Catawba River plans to sue Duke Energy over coal ash pollution

Catawba River plans to sue Duke Energy over coal ash pollution


by STUART WATSON / NBC Charlotte Staff

Bio | Email | Follow: @stuartwcnc

Posted on March 26, 2013 at 6:23 PM

Updated Tuesday, Mar 26 at 6:41 PM

CATAWBA, N.C. -- The old Riverbend coal plant is shutting down but the coal ash pollution goes on – and now a local environmental group is suing over it.

Duke Energy plans to shut down its out-of-date, coal-fired Riverbend Steam Station by Monday, April 1, but the Catawba Riverkeeper Foundation served notice this morning that it plans to sue Duke over ongoing water pollution streaming from two ponds containing millions of tons of coal ash.

Those ponds flow into Mountain Island Lake several miles upstream of Charlotte-Mecklenburg’s massive water intake as well as intakes for much of Gaston County, the source of drinking water for more than three quarters of a million people.

The Riverkeeper’s formal notice that it intends to sue claims that in addition to Duke’s permitted discharge, Riverbend’s ponds leak into the lake through dozens of smaller “seeps,” some of which Duke has funneled into small streams by using rock known as “rip-rap” and French drains.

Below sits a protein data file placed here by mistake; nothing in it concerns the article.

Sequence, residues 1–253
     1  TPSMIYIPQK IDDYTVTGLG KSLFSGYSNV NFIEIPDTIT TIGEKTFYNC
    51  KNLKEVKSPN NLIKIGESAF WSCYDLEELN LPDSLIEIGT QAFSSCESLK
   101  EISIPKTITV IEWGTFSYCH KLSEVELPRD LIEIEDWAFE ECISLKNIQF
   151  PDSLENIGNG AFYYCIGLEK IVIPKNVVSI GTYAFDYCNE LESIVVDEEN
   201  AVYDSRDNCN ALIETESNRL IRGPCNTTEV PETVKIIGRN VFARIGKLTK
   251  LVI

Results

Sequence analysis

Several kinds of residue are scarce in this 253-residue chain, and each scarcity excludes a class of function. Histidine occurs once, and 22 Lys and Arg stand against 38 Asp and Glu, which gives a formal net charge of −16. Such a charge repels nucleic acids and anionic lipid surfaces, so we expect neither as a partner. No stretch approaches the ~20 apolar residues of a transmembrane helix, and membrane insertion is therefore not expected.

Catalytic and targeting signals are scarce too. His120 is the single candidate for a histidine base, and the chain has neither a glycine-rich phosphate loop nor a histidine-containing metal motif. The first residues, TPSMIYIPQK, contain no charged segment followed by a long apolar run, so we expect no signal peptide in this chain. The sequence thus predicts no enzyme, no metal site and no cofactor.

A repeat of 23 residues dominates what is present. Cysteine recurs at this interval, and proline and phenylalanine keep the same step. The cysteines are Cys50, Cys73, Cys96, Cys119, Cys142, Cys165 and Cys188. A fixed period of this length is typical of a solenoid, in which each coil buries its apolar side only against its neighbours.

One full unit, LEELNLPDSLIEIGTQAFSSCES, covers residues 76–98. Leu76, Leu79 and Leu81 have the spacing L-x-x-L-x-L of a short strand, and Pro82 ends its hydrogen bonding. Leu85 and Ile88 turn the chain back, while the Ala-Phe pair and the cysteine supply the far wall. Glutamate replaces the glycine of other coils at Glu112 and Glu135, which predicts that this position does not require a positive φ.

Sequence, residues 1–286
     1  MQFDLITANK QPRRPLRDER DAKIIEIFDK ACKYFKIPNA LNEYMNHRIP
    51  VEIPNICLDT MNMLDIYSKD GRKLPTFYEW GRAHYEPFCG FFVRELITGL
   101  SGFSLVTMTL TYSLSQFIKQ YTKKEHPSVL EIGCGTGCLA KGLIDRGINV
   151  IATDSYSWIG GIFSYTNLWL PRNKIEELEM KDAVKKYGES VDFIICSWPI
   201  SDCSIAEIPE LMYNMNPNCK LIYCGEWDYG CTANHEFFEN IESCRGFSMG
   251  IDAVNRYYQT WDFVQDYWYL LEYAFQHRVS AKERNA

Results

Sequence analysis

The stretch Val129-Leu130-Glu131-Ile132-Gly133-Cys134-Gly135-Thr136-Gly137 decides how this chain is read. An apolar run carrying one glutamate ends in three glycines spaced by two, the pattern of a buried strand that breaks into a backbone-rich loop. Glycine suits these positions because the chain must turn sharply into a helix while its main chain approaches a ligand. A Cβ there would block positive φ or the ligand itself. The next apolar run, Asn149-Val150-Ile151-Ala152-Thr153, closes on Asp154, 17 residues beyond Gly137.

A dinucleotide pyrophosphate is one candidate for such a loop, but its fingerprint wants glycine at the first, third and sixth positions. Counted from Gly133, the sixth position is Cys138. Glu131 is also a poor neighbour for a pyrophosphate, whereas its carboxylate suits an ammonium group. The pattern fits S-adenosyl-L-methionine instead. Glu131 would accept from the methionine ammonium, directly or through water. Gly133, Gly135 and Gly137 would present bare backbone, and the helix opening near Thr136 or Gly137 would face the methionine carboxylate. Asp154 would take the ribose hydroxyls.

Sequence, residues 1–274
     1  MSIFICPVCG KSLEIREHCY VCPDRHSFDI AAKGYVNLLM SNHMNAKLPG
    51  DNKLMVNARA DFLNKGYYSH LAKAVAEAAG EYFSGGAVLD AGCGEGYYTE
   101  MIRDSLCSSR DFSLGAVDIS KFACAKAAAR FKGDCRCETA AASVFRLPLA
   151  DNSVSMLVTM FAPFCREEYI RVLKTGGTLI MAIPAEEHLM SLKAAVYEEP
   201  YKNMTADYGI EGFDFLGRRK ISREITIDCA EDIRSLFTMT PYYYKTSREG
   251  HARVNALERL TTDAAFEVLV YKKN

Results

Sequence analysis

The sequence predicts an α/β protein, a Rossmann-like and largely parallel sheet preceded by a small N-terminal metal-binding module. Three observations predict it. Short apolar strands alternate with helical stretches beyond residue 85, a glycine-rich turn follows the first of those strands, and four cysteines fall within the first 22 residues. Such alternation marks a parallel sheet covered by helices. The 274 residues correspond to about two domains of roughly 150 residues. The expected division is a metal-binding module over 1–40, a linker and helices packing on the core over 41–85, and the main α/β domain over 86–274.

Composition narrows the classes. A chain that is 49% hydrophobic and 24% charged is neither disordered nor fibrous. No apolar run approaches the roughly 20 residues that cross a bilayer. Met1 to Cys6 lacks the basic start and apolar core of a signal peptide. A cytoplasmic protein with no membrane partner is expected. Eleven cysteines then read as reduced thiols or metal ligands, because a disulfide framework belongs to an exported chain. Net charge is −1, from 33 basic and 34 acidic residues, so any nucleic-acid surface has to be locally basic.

Duke has maintained that the leaks are signs that the earthen dam is “healthy” and that the water flowing from the coal ash ponds into the lake meets all state and federal water quality laws.

But the Catawba Riverkeeper Foundation samples and tests the water quality from both the seeps and the stream known as the “outfall.” And the Riverkeeper claims the coal ash lagoons are discharging pollutants at many times the federal drinking water standard.

Specifically the Riverkeeper claims to have documented discharges of:
•    Arsenic at least twice the standard
•    Cobalt at 52 times the standard
•    Manganese at 128 times the standard

Duke representatives say the drinking water standard does not apply to the water flowing from the coal ash ponds.

Charlotte-Mecklenburg Utilities District regularly tests the raw water before it is treated for drinking, and reports no increased levels of pollutants.

Duke University researchers have found increased levels of arsenic trapped in the muck outside the water intake. 

The scientists say under drought conditions the arsenic could “erupt” into the raw water supply.

Duke Energy has yet to file a plan for closing the coal ash ponds after the plant closes. The Riverkeeper says the pollution will continue long after the plant stops burning coal.